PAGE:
I know part of the game is sometimes intimidation to get your opponent off his game, but this was intense. I played straightforward and was blessed with some great hands early on. The poker gods were with me. I won a few pots in some straightforward ways: My nerves, however, got the better of me. I made a lot of mistakes, making some of my hands obvious. Over-betting a set on the flop, acting out of turn with a good hand, not announcing my raises.
I felt like I made a lot of rookie mistakes that allowed them to read me like a book. I misheard Hellmuth tell me how many chips he had left and I folded a good pair when overcards hit on the flop and turn. He was, I thought in the moment, trying to act weak by telling me how little of a stack he still had. Seeming as if he were trying to coax me to call, so I folded, but I was wrong.
As play went on, Hellmuth got busted by his nemesis, Tony G. Of all the players in the world, Daniel Negreanu took his place to my left. Goodbye money, is what I was thinking. During the course of play I endured many ups and downs and make a lot of mistakes I later regret. I played a very tight game as I knew they would eat me alive if I got too out of line. They could reload, I could not. The day before, I watched another contestant playing aggressively and winning for most of the show, only to lose almost K in as little as two hands.
I finally hit a much needed monster. Pocket jacks, flopping quads. I played it real cool, checking, tanking, and calling. I almost died when Hatchem pushed all-in on me on the river: I quickly called and I was up over K. I almost blew it though. I was now in the money in a serious way. I just had to hold on to it. Phil Laak was hanging around and, on a break, told me not to let Tony G suck me in.
This stuck in my mind all night and actually saved me when I had AQ and flopped a Q. Tony flopped 2 pair and rivered a boat. I called 5K on the flop and snap-called 10K on the turn. I felt pretty sure my top pair top kicker was good. On the river, Tony bombed the river, betting 35K into a 35K pot. He started to tell me how I was losing all the nice money I had just won. He was right that I had won some nice money: I knew when he said this, he was trying to talk me into calling so I folded, thanks to the little Phil Laak on my shoulder.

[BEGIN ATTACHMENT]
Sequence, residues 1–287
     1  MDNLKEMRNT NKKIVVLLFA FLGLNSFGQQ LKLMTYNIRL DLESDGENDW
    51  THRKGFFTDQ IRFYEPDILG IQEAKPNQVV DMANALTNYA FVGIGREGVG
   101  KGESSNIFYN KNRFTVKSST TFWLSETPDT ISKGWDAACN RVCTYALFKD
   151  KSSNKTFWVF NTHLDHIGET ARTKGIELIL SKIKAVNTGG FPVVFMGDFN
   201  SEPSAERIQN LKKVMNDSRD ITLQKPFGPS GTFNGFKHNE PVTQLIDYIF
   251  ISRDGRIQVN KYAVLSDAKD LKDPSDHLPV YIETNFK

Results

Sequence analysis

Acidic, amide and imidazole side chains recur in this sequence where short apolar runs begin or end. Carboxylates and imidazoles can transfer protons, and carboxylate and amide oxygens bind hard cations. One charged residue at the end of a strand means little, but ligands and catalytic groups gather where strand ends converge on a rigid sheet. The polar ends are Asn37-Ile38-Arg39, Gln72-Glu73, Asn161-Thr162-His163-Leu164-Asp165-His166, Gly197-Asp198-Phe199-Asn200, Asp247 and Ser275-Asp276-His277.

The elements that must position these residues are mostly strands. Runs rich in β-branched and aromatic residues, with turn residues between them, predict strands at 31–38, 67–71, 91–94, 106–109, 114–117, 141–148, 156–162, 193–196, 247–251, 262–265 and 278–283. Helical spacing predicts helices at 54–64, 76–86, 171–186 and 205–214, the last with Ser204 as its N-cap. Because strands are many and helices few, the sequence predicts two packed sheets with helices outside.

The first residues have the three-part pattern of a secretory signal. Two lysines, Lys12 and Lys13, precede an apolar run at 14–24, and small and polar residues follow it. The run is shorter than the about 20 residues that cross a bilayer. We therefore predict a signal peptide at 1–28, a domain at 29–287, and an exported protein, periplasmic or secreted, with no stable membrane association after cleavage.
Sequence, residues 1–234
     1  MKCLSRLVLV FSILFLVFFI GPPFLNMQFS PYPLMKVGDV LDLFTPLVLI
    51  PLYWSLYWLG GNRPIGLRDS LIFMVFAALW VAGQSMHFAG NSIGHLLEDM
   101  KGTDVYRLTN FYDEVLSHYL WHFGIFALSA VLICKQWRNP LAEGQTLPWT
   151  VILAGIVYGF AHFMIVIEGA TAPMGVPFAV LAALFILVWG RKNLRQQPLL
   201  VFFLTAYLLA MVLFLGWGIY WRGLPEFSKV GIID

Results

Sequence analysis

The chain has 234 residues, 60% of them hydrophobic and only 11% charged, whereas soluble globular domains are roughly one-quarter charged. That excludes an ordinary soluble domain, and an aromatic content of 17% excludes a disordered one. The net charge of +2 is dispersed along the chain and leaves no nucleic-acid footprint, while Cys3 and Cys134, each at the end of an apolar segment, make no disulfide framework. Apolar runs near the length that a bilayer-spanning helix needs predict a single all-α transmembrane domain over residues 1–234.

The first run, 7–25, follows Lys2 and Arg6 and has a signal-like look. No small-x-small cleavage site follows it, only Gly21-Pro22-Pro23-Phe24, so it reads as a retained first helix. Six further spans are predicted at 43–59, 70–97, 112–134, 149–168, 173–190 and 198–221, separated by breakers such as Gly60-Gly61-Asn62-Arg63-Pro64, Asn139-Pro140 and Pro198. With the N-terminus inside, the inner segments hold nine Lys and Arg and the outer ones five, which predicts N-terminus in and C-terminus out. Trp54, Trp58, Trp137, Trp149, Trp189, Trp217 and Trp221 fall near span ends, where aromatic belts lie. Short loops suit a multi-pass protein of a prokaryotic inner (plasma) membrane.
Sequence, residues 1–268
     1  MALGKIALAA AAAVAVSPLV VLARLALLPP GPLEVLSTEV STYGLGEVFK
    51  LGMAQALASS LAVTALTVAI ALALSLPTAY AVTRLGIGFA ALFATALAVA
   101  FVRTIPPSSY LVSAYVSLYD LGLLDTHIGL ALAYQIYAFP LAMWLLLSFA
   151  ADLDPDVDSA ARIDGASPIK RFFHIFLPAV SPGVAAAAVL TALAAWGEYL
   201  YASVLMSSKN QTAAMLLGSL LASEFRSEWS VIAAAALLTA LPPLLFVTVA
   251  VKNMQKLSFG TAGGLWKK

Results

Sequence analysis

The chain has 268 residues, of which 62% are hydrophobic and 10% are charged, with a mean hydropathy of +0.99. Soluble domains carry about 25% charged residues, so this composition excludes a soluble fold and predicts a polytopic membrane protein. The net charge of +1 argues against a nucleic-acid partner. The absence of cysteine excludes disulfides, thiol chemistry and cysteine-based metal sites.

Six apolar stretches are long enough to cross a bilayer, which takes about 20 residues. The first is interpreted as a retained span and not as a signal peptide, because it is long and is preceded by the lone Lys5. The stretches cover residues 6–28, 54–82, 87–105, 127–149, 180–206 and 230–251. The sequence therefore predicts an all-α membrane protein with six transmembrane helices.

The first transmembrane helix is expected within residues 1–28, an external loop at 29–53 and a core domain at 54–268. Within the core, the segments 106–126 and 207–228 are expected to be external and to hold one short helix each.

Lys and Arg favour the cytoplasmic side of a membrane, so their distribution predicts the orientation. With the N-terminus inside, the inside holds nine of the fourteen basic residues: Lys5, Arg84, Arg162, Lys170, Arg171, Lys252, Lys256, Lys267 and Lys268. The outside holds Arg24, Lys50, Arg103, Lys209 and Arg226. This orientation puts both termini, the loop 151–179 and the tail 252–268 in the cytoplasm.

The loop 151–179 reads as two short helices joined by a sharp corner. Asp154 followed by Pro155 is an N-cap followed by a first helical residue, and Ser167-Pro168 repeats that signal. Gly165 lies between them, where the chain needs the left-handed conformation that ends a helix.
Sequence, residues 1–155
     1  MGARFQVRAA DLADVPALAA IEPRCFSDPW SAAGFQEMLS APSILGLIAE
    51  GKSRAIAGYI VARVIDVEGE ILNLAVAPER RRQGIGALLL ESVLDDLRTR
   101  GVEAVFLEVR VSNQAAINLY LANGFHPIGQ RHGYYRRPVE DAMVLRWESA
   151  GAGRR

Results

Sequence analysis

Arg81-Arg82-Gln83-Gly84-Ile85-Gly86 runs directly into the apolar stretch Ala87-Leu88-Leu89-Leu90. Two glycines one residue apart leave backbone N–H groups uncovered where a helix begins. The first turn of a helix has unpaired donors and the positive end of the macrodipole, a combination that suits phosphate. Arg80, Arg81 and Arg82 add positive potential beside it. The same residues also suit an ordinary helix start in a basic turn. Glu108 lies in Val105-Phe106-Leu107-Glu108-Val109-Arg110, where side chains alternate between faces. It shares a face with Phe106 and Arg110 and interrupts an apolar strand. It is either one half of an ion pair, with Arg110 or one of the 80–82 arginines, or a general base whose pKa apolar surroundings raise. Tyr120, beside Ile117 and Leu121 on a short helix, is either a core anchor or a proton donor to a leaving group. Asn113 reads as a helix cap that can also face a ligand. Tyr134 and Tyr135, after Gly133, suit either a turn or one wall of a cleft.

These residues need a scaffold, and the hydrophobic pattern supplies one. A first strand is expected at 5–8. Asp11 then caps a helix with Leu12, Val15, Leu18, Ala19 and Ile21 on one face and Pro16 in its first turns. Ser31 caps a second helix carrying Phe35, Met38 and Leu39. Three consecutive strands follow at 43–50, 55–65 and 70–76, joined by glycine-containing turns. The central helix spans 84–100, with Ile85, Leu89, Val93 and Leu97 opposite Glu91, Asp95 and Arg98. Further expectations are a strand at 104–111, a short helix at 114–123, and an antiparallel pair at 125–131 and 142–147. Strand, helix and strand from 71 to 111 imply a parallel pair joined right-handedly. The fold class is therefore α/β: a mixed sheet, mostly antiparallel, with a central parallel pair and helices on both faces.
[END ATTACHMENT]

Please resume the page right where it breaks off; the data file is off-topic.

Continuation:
I sat there thinking that the money I lost in that one hand was 15K, enough for a new car, but I tried to get rid of those thoughts. If I started having those thoughts, I was only going to play more tight and scared.
I had to play out hands. I suddenly went card-dead and decided only to play premium hands and not to chase with second pair. The shift in my play was obvious to the table. Everyone started to straddle and they were trying to coax me into straddling too.
Before the show the producer told me to play my game and have fun. I could tell some of the players were ticked that I was playing like a nit. So I decided to play tight and follow suit. After it was all said and done I took home 53K. I lived my poker dream. I told Pokerstars in my interview that I wanted to win the money to retire, live in the Caribbean, and play poker full-time.
I just retired a year ago. We are back home now. I have a daily routine of studying videos, reading books, and playing in my local cardroom. And maybe once again play with the pros on TV. In I released a new poker tells training video series that uses real footage from cash games and tournaments. The training videos go into such great detail.
Free 4-Day Poker Tells Course. Learn how to read and understand some verbal poker tells with this free, 4-part poker tells course. Thanks for being on my mailing list!